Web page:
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Felling of 200-year-old nesting tree of adjutant stork leaves wildlife activists fuming

Sentinel Digital DeskBy : Sentinel Digital Desk

  |  28 May 2016 12:00 AM GMT

From a Correspondent

JORHAT, May 27: Repeated calls by the Laokhowa Burhachapori Wildlife Conservation Society (LBCS), a gaon-based NGO, to stop felling trees marked with having nest of the Greater and Lesser Adjutant Stork (Hargila and Bortukula) along the tiol Highway 37 starting from Uriya gaon till Kashori gaon in gaon, has fallen into deaf ears and the felling of a 200-year old Himolu tree (Bombax Ceiba) marked as tree no 67 with a girth of 8 metres and height of 25 metres by the gaon Forest Division to clear way for the construction of four-lane road project of NHIDCL, has left wildlife activists and environmentalists bewildered and shocked.

Of the two species, the Greater Adjutant (Hargila) is the world’s most endangered of stork species and breed only in large and tall trees. This bird is distributed only in Assam and Bihar in India and the Brahmaputra Valley is considered to be the last stronghold of the endangered stork, locally called Hargila, and harbours 80 per cent of the global population of the species. The main problem of the conservation of the bird according to wildlife regulation is mainly because of its breeding in tall nesting trees in colonies and their future depends on the conservation of the trees.

Talking to The Sentinel, ture lover and senior environmentalist and professor Kulen Das and research coorditor Samarjit Ojah of LBCS collectively said, “What can be more depressing than the fact that the forest department of Assam which should have been concerned with those trees already marked as nesting trees of the adjutant stork, in fact facilitated the felling of the tree, thus bringing a catastrophe to the conservation process. Whereas in our earlier meeting with the forest department officials, it was agreed that steps would be taken to suspend removal of trees till the breeding period was over, besides a small re-alignment of the road may be considered to avoid felling of trees marked as having stork nest. We had even attached banners on to the mark trees for easy identification and awareness.”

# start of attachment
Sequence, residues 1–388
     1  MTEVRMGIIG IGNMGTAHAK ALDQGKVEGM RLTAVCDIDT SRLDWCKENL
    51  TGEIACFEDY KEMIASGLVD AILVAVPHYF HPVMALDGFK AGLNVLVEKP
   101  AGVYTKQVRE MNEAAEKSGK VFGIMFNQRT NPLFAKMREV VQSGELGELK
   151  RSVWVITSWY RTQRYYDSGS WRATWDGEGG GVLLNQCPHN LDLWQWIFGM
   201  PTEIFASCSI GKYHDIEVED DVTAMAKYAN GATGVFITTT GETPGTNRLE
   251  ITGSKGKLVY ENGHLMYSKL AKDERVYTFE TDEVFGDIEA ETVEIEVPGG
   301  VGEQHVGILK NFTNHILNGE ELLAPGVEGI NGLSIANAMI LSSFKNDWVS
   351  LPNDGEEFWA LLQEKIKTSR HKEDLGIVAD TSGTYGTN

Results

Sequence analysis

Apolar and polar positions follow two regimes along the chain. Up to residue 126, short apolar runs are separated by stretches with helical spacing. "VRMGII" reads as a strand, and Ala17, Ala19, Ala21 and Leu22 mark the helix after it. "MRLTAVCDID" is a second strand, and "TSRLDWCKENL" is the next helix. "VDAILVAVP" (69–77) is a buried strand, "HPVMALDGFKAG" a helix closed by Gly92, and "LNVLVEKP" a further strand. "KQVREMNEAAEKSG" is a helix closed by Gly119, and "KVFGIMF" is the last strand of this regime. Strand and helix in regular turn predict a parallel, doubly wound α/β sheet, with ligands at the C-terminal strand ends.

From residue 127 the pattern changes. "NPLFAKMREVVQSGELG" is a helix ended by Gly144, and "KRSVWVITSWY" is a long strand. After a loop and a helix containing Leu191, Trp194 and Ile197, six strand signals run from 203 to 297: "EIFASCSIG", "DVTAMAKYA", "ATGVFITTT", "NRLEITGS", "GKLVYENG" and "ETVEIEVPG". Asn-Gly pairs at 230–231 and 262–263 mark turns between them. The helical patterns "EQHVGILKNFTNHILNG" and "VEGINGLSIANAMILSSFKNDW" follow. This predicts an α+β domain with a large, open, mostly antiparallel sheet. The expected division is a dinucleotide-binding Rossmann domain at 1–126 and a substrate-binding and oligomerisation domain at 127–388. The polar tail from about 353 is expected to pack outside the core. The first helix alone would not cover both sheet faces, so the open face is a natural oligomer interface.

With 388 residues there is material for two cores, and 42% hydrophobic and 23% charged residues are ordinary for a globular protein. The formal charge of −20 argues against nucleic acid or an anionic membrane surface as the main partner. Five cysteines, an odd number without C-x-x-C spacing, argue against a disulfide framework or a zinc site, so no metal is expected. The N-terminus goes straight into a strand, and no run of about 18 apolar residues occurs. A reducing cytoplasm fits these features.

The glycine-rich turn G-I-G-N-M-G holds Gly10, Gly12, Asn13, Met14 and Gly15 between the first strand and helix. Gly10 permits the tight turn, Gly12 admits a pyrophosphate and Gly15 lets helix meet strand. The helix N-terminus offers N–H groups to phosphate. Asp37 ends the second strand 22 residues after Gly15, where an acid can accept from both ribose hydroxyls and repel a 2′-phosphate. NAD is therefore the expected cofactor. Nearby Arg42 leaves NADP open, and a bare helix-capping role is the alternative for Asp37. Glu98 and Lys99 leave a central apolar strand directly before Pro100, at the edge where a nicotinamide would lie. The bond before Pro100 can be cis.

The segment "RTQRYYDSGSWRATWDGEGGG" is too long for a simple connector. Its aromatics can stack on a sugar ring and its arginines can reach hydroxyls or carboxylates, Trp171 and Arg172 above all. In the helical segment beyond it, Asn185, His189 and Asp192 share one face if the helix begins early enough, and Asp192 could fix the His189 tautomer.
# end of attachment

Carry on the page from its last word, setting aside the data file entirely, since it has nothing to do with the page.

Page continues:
“But the present DFO Amal Sarma upon pressure from NHIDCL ordered the felling of tree no 67. There is a serious lack of coordition between the general and wildlife section of the gaon Forest Division and certain persons with vested interest and perhaps in nexus with timber mafias, have felled trees, some of which were not even in the scheduled survey report of the road construction. Moreover, the forest department puts the age of the felled tree at 50 years but aged persons of the area have disclosed the tree to be at least 200 years old as was informed to them by their parents,” they added.

DFO Amal Sharma said, “Altogether 5,000 trees are to be felled in the gaon 4 lane section but I had persolly taken interest in the three trees numbering 67, 165 and 360 and had even written to the General Mager, NHIDCL vide letter no B. Tree Felling /2016/172-75 dated 05-01-2016 requesting realignment of road due to nest of Greater Adjutant Stork and presence of eggs and young ones on the trees at NH-37 from Uriagaon to Puronigudam portion. But due to pressure to clear the land as soon as possible, we had to take the decision. In this particular matter, I tried my level best to postpone the felling of the trees by four months keeping in mind the breeding season. And accordingly when I did not get any reply from NHIDCL on the realignment issue, I had to take the decision to fell down the tree. But before that I completely assured and confirmed that there were no greater or lesser adjutant storks, eggs or young ones in the tree.”

Meanwhile, a top official of NHIDCL said, “This is absolutely rubbish. No doubt the forest department keeps writing to us about realignment of some roads that are part of our ongoing project. But let me clear the doubt that the NHIDCL has a pre-approved plan dating back to 2011-12. Our concern is that we must get a total breadth of 60 metres, 30 metres on left and 30 metres on right from the centre. And the process of clearing the land lies with both the district administration under an ADC land acquisition and the DFO of every district forest department. At no point of time can we realign any road, plan of which has already been approved. Guideline is that it is the forest department which should take initiative to shift the trees that are connected with environment and required for ecological balance. We pay for everything but ironically not one proposal for shifting of trees by the forest department is with us. So why should we be bothered about realignment or keep replying to them?”

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